The Honorable Pete Domenici
Hart Building, Room 328
Washington, DC 20510
Dear Senator Domenici:
The American Association for Clinical Chemistry (AACC), representing nearly 11,000 clinical laboratory professionals, supports your efforts, as outlined in S.422, the "Genetic Privacy and Nondiscrimination Act," to protect individuals from discrimination on the basis of their genetic data. We agree that such information must remain confidential, unless authorized by the patient, and that individuals intentionally violating patient privacy should be punished. AACC is concerned, however, that S.422 broadly defines new, additional patient rights that may hinder genetic research and the delivery of health care. Our specific concerns regarding S.422 follow:
The current definition of "genetic information" is too broad. The definition should be narrowed to information that can be used to predict disease in healthy people. DNA-based testing for infectious disease and tumor markers, which are used to characterize and manage disease in those who are already ill, should be specifically exempted from this or other genetic testing legislation. These medical data present no additional risks to patients, but may be invaluable in treating them.
In general, AACC agrees that health care providers should obtain written informed consent from the patient prior to performing a genetic analysis for predictive purposes. This information, although it can be used for beneficial purposes, such as identifying and reducing potential health risks, also can be used to deny individual’s health care insurance or employment. AACC believes that adequate legal protections should be instituted to ensure that sensitive genetic information is not casually disclosed. We are concerned, however, that S.422 goes beyond protecting genetic data to granting patients new, sweeping ownership rights over their specimens, which could adversely affect many kinds of research and the general practice of laboratory medicine.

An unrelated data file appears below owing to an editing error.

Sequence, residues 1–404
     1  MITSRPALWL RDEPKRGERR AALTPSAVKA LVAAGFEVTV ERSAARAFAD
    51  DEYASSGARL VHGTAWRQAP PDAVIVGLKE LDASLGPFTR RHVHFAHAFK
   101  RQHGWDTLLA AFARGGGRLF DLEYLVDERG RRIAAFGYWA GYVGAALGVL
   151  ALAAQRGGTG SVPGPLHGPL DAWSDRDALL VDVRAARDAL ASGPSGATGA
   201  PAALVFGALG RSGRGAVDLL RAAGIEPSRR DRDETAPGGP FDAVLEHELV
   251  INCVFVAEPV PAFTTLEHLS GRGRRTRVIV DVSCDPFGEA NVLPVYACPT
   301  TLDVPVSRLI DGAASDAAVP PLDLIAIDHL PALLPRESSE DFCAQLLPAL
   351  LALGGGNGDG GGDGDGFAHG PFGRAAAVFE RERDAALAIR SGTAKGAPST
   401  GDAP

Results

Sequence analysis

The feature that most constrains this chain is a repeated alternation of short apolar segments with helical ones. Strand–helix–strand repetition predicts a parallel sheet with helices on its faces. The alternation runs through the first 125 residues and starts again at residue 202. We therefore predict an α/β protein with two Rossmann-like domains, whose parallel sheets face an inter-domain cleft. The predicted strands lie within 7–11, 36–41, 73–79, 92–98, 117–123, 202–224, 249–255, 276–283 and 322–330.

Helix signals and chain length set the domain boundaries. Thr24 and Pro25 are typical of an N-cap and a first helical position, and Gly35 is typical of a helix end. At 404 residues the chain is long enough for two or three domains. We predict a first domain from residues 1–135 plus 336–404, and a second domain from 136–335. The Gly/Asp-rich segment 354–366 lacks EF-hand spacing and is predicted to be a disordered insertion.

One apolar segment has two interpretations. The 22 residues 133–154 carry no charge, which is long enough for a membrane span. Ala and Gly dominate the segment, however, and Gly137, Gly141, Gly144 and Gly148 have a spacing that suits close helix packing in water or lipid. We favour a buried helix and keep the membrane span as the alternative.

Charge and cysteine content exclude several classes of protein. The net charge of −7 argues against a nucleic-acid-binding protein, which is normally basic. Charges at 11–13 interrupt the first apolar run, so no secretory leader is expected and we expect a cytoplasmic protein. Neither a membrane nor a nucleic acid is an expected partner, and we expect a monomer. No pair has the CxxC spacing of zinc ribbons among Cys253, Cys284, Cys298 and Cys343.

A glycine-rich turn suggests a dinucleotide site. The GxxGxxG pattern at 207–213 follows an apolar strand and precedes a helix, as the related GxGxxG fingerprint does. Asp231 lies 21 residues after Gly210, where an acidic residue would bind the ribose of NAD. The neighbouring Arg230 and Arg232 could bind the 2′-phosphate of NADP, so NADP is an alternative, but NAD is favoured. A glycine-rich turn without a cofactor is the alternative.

Destruction of DNA Samples (Clinical Studies)
Further, sections 103(c)(3) & 301(a)(5) state that without the patient’s consent, the laboratory must destroy the patient sample once it has completed the analysis. We have strong reservations about these provisions. DNA samples play an important role in providing, as well as advancing of quality health care. These specimens serve many invaluable purposes, such as: (1) reagents for validating the accuracy of new tests; (2) proficiency survey samples for evaluating laboratory testing performance; and (3) test controls for ensuring testing process quality.
Clinical molecular biology laboratory directors, for example, have-long depended on the existence of DNA with known characteristics to validate new tests and to ensure that laboratories are performing these tests accurately. Laboratories should be permitted to maintain and use these samples (without patient authorization), unless the patient specifically requests that the sample be destroyed, as long as the patient identifiers are removed.
By way of background, AACC is the principal association of clinical chemists--professional laboratory scientists--including MDs, PhDs and medical technologists. AACC’s members develop and use chemical concepts, procedures, techniques and instrumentation in health-related investigations and work in hospitals, independent laboratories and the diagnostics industry nationwide. The AACC's objectives are to further the public interest and educational activities and help maintain high professional standards.
AACC looks forward to working with you on genetic testing issues. If we may be of any assistance, please call me at (708) 216-4725 or Vince Stine, Manager, Government Affairs at (202) 835-8721.
Stephen Kahn, PhD, DABCC